The new growth on
my arrowwood viburnum looks like something is eating it, but I do
not see any insects. Even very tiny new leaves appear to be damaged.
Do you have any idea what is causing this and what I can do about
A: There is a good
chance the damage you are seeing is caused by viburnum leaf beetle
(Pyrrhalta viburni) larvae. They overwinter as eggs laid in the
twigs of susceptible viburnum species, and they have hatched out in
the last week or so.
When they first hatch, they are tiny (under one-eighth inch) and
feed on the underside of leaves. You would not
notice them unless you were looking for them. In my observations,
their hatch appears to coincide with arrowwood viburnum (Viburnum
dentatum) leafing out.
natives were first identified in Canada in the late 1970ís, and are
now established throughout New England, New York, Pennsylvania and
Ohio. According to entomologist Dr. Paul Weston from Cornell
University, viburnum leaf beetles are only known to infest plants in
the Viburnum genus. The good news is that some species of viburnums
are more susceptible to attack than others. The bad news is that
most of our native viburnums are highly or moderately susceptible to
Westonís list of
susceptible species includes arrowwood (V. dentatum); possum-haw (V.
nudum), European cranberrybush viburnum (V. opulus); Rafinesque
viburnum (V. rafinesquianum); Sargent viburnum (V. sargentii); and
American cranberrybush viburnum (V. opulus var. americanum). Left
untreated, viburnum leaf beetles can kill susceptible species in two
or three years by repeatedly defoliating them.
Doublefile Viburnum is moderately susceptible
Weston also lists
moderately susceptible species, including mapleleaf viburnum (V.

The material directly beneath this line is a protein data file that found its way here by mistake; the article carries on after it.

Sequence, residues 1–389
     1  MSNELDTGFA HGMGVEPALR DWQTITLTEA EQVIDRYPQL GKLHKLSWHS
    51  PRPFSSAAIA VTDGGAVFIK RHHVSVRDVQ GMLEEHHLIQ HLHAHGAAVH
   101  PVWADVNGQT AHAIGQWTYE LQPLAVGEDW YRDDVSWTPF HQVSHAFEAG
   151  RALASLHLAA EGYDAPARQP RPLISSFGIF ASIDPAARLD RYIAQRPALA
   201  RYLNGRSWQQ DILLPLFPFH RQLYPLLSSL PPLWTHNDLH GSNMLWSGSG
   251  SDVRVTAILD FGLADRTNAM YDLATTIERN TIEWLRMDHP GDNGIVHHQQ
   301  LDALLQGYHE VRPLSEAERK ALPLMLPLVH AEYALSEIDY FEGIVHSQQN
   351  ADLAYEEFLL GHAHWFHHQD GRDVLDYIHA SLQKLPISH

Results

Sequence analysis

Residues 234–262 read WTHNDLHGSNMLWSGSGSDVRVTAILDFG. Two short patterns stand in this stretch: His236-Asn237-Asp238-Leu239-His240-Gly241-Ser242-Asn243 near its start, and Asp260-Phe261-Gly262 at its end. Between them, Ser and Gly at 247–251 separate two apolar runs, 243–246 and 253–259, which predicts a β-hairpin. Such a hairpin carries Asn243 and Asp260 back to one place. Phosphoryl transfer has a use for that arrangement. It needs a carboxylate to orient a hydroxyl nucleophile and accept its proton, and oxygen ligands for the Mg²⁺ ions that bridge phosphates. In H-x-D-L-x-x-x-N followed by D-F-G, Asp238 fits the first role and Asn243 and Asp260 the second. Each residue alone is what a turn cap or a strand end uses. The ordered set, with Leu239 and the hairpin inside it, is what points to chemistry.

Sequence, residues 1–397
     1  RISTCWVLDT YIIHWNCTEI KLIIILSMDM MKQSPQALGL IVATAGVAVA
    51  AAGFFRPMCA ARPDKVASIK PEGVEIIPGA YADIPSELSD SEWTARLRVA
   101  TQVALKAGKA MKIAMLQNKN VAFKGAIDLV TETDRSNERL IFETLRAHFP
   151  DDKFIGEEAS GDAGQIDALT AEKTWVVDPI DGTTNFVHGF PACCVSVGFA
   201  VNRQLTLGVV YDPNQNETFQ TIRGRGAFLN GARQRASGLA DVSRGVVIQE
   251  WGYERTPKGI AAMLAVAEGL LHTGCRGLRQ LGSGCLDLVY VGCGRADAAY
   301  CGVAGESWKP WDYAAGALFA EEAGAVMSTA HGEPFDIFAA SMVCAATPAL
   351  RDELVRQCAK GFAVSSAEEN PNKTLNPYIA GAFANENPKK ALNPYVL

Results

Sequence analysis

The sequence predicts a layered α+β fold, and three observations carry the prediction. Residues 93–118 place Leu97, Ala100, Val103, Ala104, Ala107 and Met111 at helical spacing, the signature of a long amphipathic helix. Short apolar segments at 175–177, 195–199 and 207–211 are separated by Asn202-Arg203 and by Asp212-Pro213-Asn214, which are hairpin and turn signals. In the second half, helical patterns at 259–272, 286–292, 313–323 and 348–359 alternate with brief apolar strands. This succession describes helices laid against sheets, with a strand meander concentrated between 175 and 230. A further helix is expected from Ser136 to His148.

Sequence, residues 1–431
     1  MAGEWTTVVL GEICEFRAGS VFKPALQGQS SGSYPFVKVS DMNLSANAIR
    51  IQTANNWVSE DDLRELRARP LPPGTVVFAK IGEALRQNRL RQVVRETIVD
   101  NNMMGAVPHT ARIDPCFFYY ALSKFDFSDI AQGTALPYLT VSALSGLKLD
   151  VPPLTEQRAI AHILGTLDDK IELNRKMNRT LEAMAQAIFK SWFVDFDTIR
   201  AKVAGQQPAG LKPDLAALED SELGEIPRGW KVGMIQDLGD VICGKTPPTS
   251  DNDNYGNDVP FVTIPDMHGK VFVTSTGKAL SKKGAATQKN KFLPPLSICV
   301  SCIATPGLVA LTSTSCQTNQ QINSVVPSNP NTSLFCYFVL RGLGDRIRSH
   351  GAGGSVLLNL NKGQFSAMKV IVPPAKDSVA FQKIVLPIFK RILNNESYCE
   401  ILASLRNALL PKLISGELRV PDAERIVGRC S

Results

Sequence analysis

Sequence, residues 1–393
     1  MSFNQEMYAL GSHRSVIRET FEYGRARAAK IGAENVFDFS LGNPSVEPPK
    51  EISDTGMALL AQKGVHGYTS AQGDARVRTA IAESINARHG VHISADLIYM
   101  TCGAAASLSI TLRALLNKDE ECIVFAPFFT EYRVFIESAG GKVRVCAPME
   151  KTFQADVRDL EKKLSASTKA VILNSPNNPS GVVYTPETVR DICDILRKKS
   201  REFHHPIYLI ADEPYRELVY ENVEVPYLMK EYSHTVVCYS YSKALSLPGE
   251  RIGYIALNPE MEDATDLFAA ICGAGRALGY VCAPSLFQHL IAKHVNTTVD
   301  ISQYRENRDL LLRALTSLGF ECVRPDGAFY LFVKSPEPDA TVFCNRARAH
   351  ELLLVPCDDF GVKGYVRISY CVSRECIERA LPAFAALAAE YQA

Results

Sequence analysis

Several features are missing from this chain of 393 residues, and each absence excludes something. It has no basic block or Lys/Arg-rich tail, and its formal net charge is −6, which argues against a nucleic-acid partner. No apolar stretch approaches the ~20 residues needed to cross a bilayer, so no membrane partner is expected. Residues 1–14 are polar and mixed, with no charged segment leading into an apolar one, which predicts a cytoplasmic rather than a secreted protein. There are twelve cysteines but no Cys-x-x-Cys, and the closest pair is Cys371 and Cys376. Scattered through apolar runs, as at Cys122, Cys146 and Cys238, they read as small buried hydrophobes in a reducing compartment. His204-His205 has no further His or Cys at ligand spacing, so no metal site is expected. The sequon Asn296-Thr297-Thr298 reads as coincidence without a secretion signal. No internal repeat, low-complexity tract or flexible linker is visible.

acerifolium); linden viburnum (V. dilatatum); wayfaring tree (V.
lantana); hobblebush (V. lantanoides), nannyberry (V. lentago);
doublefile viburnum (V. plicatum x tomentosum); Prague viburnum (V.
x pragense); blackhaw viburnum (V. prunifolium); and Wright viburnum
(V. wrightii). Although the beetles feed on these species, the
plants seem to survive even when attacked by large populations of
lists species that are resistant to Viburnum leaf beetle. They
include Burkwood viburnum (V. x burkwoodii); fragrant viburnum (V. x
carlcephalum); Koreanspice viburnum (V. carlesii); Judd viburnum (V.
x juddii); lantanaphyllum viburnum (V. x rhytidophylloides);
leatherleaf viburnum (V. rhytidophyllum); tea viburnum (V. setigerum)
and Siebold viburnum (V. sieboldii). Species with thicker leaves and
Koreanspice viburnum parentage seem most resistant to the beetles.
Adult viburnum leaf beetles are small (4.5 to 6.5 mm long), roughly
the size of a matchstick head. They are yellowish-brown to light
brown in color. They resemble their close relatives, the elm leaf
beetle, but are smaller and less brightly colored. Young larvae are
off-white to greenish-yellow. Mature larvae develop uniform black
spots on their bodies. Viburnum leaf beetles overwinter as eggs laid
in the twigs of host plants. Larvae hatch in mid-spring and feed
voraciously on the underside of the newly expanding leaves.
They skeletonize the foliage, leaving only the midrib and major veins
intact. Mature larvae drop to the ground to pupate in early summer
Adults emerge mid- to late July and resume feeding on viburnum
foliage. Plants often put on a second of flush of growth to
compensate for the foliage destroyed by the larvae, only to have it
devoured by the adults. Adults feed, mate and lay eggs until the
first frost. Adult females chew holes in small branches and twigs to
create cavities where they lay their eggs. Afterwards, they seal the
cavities with a mixture of excrement, chewed bark and bits of
shredded wood to protect the eggs and maintain a humid environment
to ensure their survival.
Doublefile Viburnum blooming in spring
include pruning infested twigs after egg laying is finished in the
fall, from October through March. Burn infested twigs to avoid
moving this pest into new areas. Hand destruction of larvae and
adults can provide effective control in small plantings, but would
be impractical with large ones. Insecticides labeled to control
viburnum leaf beetles in Pennsylvania include organic-approved
materials such as horticultural oil, Captain Jackís Deadbug Brew (spinosad),
and BioNeem (azadirachtin). These products are most effective on
small larvae. Complete coverage of the undersides of the leaves is
important for good control. Better control of mature larvae and
adult beetles will be obtained with Bayer Advanced Garden Dual
Action Rose & Flower Insect Killer (cyfluthrin and imidacloprid) or
Bayer Advanced Garden Tree & Shrub Insect Control (imidacloprid).
Renovating Privet Hedges